Let Muslims be role models of peace and tolerance: UAE

Sheikh Nahyan bin Mubarak Al Nahyan, UAE Minister of Tolerance speaks during the opening  International Muslim Communities Congress.-Photo By Ryan Lim
Sheikh Nahyan bin Mubarak Al Nahyan and other participants during the opening of the International Muslim Minorities Congress in Abu Dhabi. -Photo By Ryan Lim

Abu Dhabi - Sheikh Nahyan urged Muslims to be active members of their communities, especially in the fight against radicalism.

By Ismail Sebugwaawo

Published: Tue 8 May 2018, 11:00 PM

Last updated: Thu 10 May 2018, 9:47 AM

Muslims should be role models in societies where they live and should foster peace, love and respect for others. They should also discourage people from acts of violence and extremism, a UAE minister told the first-ever Muslim minority conference here in Abu Dhabi on Tuesday.
"As Muslims, we should think of opening up active channels of communication with members of other religions to discuss issues affecting us all and come up with lasting solutions," Sheikh Nahyan bin Mubarak Al Nahyan, UAE Minister of Tolerance, said in his keynote speech at the International Muslim Communities Congress (IMMC).
The two-day conference aims to consolidate the values of tolerance and dialogue between different religious and cultural components of societies, making the world a better place for the future generations, and protecting them from the violent and extremist currents in the light of the increasing feelings of hostility and hatred. More than 400 prominent Islamic personalities from 130 countries are attending the conference aimed at tackling issues such as marginalisation and disenfranchisement of around half-a-billion of Muslims living in non-Muslim countries.
Sheikh Nahyan urged Muslims to be active members of their communities, especially in the fight against radicalism. Tolerance, peace and co-existence among people of different religions and ethnic backgrounds are key to security and development, and should be embraced by all nations, he stressed.
"Today we see thousands of people being displaced and others in refugee camps as a result of conflicts because people are not tolerating each other," said Sheikh Nahyan.
"The UAE values and advocates tolerance and peaceful co-existence among people of different religions and ethnic backgrounds because that is what Islam is teaching. Positive minds with love and tolerance are key factors in development and creating world peace," he added.
The minister said the UAE is keen on supporting all Muslims across the world and that it has created an opportunity to form a platform for Muslim minorities across the globe to serve them and help them to integrate into the societies.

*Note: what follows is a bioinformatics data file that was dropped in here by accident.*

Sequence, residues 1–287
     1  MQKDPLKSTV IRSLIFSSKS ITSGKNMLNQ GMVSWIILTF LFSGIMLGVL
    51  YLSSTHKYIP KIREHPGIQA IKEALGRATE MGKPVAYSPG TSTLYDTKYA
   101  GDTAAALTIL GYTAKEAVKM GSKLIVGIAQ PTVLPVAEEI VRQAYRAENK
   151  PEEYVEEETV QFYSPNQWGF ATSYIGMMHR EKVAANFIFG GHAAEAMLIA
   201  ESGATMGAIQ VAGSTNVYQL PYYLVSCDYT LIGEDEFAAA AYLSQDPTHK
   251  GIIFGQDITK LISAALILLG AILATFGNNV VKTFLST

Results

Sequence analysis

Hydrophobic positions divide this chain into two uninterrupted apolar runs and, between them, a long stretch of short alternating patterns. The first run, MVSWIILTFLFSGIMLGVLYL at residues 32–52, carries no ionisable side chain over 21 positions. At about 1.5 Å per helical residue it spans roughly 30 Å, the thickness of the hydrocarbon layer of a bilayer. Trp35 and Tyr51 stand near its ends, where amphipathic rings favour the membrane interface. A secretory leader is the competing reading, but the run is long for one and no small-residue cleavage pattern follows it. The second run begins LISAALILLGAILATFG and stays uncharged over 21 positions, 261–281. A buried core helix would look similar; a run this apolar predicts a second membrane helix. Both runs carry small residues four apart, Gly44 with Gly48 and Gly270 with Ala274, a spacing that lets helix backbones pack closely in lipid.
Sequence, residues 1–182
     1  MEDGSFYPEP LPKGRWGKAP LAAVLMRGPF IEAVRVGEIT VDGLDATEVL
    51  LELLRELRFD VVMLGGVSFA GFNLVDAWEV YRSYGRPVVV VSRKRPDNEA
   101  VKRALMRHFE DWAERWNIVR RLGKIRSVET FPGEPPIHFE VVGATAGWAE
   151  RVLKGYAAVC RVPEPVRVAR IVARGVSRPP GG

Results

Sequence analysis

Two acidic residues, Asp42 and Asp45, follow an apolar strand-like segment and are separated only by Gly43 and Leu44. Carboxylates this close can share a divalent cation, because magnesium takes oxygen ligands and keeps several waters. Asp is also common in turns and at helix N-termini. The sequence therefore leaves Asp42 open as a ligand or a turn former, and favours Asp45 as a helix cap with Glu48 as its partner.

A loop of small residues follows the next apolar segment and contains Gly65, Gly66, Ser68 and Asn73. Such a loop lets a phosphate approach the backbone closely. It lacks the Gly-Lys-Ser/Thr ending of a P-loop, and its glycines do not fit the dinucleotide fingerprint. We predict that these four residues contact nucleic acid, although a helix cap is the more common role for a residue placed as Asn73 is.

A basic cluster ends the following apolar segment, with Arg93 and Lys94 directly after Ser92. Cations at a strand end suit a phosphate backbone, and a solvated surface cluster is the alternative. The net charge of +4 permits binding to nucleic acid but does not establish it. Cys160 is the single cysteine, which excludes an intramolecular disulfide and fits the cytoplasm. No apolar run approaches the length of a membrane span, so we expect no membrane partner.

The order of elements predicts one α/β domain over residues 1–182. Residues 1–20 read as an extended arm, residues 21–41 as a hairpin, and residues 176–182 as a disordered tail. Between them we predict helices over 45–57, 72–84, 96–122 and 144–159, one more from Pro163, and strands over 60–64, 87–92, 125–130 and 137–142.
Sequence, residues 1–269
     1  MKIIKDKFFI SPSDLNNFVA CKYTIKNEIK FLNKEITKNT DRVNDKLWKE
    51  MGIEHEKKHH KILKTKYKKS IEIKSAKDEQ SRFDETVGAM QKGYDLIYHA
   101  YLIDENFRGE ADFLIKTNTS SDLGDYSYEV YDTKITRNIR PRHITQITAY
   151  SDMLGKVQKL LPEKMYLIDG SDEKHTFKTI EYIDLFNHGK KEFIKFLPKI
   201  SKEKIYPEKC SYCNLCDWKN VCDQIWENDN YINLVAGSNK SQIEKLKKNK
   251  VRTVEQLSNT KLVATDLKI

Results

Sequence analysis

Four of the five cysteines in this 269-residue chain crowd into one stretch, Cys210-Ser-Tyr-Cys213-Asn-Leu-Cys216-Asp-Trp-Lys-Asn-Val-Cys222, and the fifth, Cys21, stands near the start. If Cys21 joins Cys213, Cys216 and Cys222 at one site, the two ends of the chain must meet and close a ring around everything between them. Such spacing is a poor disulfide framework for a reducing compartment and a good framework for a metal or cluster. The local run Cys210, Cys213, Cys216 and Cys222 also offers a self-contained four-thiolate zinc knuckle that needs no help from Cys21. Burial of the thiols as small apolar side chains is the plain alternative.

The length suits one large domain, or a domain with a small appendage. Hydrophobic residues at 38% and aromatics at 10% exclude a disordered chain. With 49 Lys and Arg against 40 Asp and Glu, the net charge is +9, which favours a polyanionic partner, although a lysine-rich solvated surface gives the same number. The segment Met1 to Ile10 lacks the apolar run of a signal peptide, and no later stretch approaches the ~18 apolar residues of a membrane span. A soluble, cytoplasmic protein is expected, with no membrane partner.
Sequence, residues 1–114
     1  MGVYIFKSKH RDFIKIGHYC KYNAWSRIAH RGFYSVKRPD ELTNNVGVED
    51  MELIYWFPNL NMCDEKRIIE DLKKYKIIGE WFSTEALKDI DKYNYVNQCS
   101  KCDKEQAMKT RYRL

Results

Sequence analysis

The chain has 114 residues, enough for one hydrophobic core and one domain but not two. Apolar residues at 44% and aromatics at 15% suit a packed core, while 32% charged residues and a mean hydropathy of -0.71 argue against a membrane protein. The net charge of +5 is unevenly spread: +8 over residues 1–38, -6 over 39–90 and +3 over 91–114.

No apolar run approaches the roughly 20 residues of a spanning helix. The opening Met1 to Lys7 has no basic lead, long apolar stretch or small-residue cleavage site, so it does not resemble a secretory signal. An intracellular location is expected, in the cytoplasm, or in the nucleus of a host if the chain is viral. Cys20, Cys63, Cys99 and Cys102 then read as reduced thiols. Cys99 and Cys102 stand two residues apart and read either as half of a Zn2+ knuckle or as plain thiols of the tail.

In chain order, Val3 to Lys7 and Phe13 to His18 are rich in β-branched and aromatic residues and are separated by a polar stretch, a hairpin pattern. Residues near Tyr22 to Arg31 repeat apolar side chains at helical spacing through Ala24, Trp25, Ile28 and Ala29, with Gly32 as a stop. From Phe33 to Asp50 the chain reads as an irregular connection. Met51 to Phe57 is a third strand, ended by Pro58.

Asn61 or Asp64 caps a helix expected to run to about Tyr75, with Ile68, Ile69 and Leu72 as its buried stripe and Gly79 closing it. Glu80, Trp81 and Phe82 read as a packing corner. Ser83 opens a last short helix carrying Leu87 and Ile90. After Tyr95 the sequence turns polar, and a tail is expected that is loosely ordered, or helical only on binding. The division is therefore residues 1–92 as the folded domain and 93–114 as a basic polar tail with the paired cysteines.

Themed 'Future of Muslim Minorities: Opportunities and Challenges', the IMMC conference also discussed the challenges facing the Muslim minorities across the world and the need to support them.
Rexhep Meidani, former president of Albania, said Muslim minorities in Western countries face a problem of cultural identity because of discrimination and not being accepted by people of other religions.
"There is a real problem of discrimination and integration for minority Muslims, especially in Western countries. They have to first learn the cultures and traditions, languages of the majority people so they can be accepted in the community," said Meidani.
"This is really challenging as some Muslims sometimes have to compromise with the teachings and values of their religion and adapt to those of the majority so they can integrate in the society."
Meidani suggested that there should be a multi-cultural approach to create unity and share mutual understanding among societies other than the similarisation immigration policy in many Western countries.
"Nations also need to create equal opportunities for the marginalised groups and provide them with education. Muslim minorities should be consulted in policy-making to get their views and opinions," he said.   
Dr Tariq Al Kurdi, president of the United Nations Conference on Minority Issues in the World-Switzerland, said Muslims in non-Muslim countries are facing many challenges, whether in terms of services or education but the biggest challenge is for them to fit in their societies.
"Whereas Muslims in some parts of the world live in peace and harmony and have managed to integrate into the society, others are facing a problem of being discriminated or isolated and not being accepted by the communities where they live," said Al Kurdi.
"Muslims should be recognised and utilised in community development. Muslim minorities need to keep the dignity among their societies and should always believe in themselves and that they can make positive changes."
The speakers said with the prevalence of Islamophobia in many parts of the world, which undermines confidence among Muslim minorities, encourages hate speech, and increases accusations that suggest that 'Islam is against peace', there is a need to counter these allegations by highlighting Islam's vision of global peace.

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